1. Jesus’ compassion actively seeks justice
2. Jesus’ compassion desires our participation
3. Jesus’ compassion is not limited by our scarce resources
In preparation for the sermon this Sunday, I have been looking over the life of Martin Luher King Jr., specifically the events surrounding his open letter, Letter from a Birmingham Jail. I had read bits and pieces of it before, but never the whole thing. What an example of a man responding to opposition and hardship with compassion! I don’t typically like to just copy and paste large chunks of things others have written into my blog, but this section is just too good to not share. It is important and relevant not only to the sermon this Sunday, but also to a modern church who, if we do not take seriously the call of Christ to have an active compassion, will sink into irrelevancy.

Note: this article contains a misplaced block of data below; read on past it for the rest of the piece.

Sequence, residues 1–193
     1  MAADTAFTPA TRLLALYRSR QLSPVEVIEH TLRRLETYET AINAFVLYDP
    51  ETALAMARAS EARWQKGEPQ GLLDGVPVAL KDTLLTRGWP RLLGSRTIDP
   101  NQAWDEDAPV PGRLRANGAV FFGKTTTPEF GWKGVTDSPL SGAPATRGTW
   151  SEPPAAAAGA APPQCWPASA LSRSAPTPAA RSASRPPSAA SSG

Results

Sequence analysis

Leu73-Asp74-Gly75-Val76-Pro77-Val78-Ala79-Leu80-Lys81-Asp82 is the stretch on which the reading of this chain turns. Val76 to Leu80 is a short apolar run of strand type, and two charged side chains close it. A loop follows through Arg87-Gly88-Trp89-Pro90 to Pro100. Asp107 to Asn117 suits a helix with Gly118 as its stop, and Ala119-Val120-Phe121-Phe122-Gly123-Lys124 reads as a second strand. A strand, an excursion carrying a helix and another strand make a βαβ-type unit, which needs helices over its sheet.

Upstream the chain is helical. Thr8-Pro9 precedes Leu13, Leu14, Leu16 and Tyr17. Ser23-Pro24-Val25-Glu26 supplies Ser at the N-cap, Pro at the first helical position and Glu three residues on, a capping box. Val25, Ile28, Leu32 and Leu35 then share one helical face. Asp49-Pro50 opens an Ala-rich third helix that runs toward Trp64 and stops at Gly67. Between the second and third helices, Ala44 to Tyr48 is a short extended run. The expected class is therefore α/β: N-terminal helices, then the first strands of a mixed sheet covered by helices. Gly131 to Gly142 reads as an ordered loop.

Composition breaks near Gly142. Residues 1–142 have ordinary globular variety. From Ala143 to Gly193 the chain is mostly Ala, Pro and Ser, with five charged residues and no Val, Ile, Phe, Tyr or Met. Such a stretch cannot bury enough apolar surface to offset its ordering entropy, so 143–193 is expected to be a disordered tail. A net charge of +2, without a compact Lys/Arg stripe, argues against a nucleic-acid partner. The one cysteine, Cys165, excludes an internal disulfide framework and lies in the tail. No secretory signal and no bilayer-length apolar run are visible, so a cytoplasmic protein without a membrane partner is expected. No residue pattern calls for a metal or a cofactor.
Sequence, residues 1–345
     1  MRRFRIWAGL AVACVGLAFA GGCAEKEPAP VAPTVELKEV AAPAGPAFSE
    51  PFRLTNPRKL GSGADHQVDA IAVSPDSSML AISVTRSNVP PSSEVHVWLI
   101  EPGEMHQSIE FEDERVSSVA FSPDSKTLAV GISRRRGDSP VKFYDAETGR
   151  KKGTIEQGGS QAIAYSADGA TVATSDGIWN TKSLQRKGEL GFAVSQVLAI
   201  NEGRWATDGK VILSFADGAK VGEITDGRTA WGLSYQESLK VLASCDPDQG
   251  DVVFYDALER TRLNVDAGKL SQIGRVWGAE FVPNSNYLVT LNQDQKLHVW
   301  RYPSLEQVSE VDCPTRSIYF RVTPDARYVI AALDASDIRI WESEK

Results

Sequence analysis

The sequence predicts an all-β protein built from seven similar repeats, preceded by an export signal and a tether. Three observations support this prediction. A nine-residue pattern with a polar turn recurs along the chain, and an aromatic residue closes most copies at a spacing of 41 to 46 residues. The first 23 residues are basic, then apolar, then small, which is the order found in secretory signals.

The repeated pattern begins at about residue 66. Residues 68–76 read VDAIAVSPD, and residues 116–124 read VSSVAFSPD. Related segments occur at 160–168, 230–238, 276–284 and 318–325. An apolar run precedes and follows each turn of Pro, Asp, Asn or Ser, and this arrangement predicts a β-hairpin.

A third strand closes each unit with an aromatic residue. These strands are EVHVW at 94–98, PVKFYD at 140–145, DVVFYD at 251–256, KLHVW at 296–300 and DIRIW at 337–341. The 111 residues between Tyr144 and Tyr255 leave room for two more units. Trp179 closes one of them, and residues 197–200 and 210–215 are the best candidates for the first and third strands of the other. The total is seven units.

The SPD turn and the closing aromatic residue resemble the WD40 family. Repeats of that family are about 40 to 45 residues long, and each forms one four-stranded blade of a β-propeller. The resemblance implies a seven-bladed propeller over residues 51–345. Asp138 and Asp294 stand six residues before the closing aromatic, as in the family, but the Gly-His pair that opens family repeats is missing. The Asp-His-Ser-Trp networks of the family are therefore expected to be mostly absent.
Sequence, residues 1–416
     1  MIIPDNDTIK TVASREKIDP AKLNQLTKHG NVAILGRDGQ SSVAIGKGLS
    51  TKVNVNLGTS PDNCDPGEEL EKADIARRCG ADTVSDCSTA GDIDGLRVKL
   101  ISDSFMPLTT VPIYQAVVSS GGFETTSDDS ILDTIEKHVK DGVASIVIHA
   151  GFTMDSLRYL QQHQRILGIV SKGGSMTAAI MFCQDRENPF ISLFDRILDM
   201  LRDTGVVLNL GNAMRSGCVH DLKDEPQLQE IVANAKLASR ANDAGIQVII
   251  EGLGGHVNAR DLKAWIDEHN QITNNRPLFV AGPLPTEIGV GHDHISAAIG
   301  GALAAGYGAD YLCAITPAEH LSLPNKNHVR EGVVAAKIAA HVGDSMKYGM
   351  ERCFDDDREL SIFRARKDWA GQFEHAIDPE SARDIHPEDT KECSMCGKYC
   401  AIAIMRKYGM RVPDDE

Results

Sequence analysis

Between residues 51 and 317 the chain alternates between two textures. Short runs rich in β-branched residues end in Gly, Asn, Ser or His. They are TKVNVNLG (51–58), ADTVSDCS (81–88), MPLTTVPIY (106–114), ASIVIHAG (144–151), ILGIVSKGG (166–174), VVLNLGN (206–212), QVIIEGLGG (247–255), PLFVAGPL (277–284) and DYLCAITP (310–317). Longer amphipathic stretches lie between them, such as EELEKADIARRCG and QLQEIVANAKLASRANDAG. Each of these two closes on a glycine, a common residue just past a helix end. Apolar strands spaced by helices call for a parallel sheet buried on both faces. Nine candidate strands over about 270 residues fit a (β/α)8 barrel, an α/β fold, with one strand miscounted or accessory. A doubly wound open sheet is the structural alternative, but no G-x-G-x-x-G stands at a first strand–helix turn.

“I have traveled the length and breadth of Alabama, Mississippi and all the other southern states. On sweltering summer days and crisp autumn mornings I have looked at the South’s beautiful churches with their lofty spires pointing heavenward. I have beheld the impressive outlines of her massive religious-education buildings. Over and over I have found myself asking: “What kind of people worship here? Who is their God? Where were their voices when the lips of Governor Barnett dripped with words of interposition and nullification? Where were they whenGovernor Wallace gave a clarion call for defiance and hatred? Where were their voices of support when bruised and weary Negro men and women decided to rise from the dark dungeons of complacency to the bright hills of creative protest?”
Yes, these questions are still in my mind. In deep disappointment I have wept over the laxity of the church. But be assured that my tears have been tears of love. There can be no deep disappointment where there is not deep love. Yes, I love the church. How could I do otherwise? l am in the rather unique position of being the son, the grandson and the great-grandson of preachers. Yes, I see the church as the body of Christ. But, oh! How we have blemished and scarred that body through social neglect and through fear of being nonconformists.